die belebende Bedenkung

The balance of advantage

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At the time of writing, Conservative MP Theresa Villiers’ February 2009 speech to the Arup Conference on High Speed Rail is still online.

[Theresa Villiers, 2009]

On the crucial corridor from the West Midlands, [Labour’s] White Paper contained the following wisdom:

“The balance of advantage would appear to favour services running at conventional speeds on reopened alignments between London and Birmingham.” Delivering a Sustainable Railway, July 2007, p67


Written by beleben

September 23, 2014 at 2:33 pm

Posted in High speed rail, HS2

One Response

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  1. Thanks for turning up Theresa Villier’s speech, presumably written by Arups.

    I do not understand why HS2 Ltd think that a high speed line costs only 10% more than a conventional railway when Arup’s suggested that it would cost 30% more. Even more remarkable is that HS2 Ltd’s claim relates to its so called “future proof” railway with its ridiculous design speed of 400kph, which appears was chosen mainly to claim bragging rights.

    I assume the Arup comparison was related to a more modest design speed, such as a recent TGV lines running at 320kph. The HS2 design speed needs larger and longer tunnels, more earthworks and viaducts, more noise mitigation works, more powerful trains together with the wiring and power supplies needed to make them work, etc. When are HS2 Ltd going to acknowledge that going so fast is unnecessary in a country like ours. If you want to shorten journey times from door to door, then going faster is not the answer. Much cheaper to tackle the slowest bits first, improve connectivity, increase frequency and don’t have stupid ticket restrictions that mean that you have to build in an extra allowance to catch the booked train(s). A 250kph line would still meed the EU definition of High Speed. With a 250kph design, the journey to Birmingham along the HS2 route should not take more than 14 minutes longer than going at 400kph for those bits where it is possible. Much cheaper and easier to gain those 14 minutes, if that is seen to be important, by improving connectivity. Of course if you want to save even more money, just electrify the Chiltern Line and utilise the full capacity of that line and the WCML through some relatively modest improvements.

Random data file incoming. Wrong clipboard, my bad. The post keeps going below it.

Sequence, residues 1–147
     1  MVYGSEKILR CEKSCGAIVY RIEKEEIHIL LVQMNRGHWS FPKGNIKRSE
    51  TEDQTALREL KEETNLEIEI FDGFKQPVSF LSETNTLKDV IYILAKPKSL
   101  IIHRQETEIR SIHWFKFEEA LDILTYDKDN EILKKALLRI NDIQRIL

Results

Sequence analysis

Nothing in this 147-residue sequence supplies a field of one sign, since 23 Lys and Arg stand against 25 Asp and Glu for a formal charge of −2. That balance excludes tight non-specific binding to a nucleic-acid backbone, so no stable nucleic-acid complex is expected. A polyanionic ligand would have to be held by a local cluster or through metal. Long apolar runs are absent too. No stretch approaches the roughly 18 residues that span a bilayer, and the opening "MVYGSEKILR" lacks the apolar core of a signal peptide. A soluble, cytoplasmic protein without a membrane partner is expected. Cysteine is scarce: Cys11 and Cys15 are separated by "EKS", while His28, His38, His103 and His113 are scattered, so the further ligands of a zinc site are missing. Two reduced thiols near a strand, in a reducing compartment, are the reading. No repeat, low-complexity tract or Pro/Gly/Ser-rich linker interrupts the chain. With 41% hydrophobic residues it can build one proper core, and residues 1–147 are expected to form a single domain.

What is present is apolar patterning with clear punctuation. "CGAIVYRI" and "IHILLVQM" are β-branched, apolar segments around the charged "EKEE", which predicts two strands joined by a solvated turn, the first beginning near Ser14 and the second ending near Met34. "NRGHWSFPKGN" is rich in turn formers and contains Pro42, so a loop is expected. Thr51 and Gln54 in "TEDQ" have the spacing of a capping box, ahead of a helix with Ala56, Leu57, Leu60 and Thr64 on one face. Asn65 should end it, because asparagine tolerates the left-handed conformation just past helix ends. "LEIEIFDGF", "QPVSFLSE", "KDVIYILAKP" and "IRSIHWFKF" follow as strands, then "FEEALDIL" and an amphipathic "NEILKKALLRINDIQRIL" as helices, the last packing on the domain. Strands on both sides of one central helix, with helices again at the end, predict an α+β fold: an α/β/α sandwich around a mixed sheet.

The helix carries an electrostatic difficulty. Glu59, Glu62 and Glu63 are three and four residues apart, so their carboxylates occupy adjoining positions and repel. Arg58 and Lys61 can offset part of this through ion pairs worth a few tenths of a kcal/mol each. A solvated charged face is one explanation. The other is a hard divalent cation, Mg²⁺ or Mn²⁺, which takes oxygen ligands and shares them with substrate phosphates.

September 24, 2014 at 5:33 pm

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